Demystifying Growth Hacking

Too much has been already written about ‘Growth Hacking’. Having been into product space for quite some time, I believe growth hacking is probably the most confused jargon being used in the business world (mainly product businesses).


Hence, thought of writing down my perspective on growth hacking by clearing out few notions around it –

For growth hacking, one should know coding?

I will say it depends on the hack. Some hacks will need a combination of more than one skills but sometimes a hack can be solely executed by a single function.

There is definitely use of technology as an enabler. Technology in growth hacking case generally need not correspond to hardcore coding but to a set of tools that helps you execute the hack quickly.

For example, trying different subject line for e-mails is a growth hack focused solely on content. What you need for it — probably a creative mind and an e-mail marketing and A/B testing tool (the tech part) but definitely not coding.

However if e-mail subject line has to be optimized based on results of earlier e-mail campaigns, then data skills is also needed. From data you should be able to make inferences and thus optimize the current campaign.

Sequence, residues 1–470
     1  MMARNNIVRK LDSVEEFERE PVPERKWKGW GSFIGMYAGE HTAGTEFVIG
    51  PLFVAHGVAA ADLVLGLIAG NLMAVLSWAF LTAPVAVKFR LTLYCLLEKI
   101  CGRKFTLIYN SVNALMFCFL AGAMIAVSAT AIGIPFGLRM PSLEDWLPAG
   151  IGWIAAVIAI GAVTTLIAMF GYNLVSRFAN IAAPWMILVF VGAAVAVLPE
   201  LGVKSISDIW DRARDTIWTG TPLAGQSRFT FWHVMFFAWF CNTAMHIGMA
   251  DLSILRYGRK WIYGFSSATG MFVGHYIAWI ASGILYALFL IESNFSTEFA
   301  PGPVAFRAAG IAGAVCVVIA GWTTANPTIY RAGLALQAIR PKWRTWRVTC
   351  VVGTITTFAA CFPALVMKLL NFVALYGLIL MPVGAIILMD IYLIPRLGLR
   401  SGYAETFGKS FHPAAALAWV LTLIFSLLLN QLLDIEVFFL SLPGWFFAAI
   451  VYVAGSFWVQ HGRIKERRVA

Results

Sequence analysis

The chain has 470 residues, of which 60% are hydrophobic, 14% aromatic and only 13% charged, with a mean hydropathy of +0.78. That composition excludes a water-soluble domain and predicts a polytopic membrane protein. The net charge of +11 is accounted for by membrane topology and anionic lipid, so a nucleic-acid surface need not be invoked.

So it all depends on the use case.

Copying of popular growth hacks will also give you the similar results –

I think once a hack is in public domain and is widely accepted, then it is no more a growth hack.

For example, if you are a SaaS provider,  you would have known of that putting one price plan as ‘Most Popular’ have resulted in more sign ups for few products.

Should you implement it? Yes.

Will it deliver the same growth? Probably no when compared to products who tried when this hack was still in infancy, as now this hack is more of a hygiene.

However if you can even innovate a bit be it at UI, Content or something else that does the trick for you, congratulations! you have created a hack for yourself. And you need not split it out until you see the results getting flattened out.

 Growth Hacking is only about new user acquisition –

I believe, for any product there are four main metrics that is needed to be improved on a constant basis — User Awareness, User Acquisition, User Engagement and User Retention.

So any activity that can be used to improve any of the four metrics in the least cost or no cost (the ideal situation) can be qualified as a growth hack.

Would be glad to help in case someone needs more information.

P.S: check out this for more detailed view points which had emerged around growth hacking starting 2010 and this clearly tells why there is so much confusion around growth hacking!

Guest Post by Nishith Gupta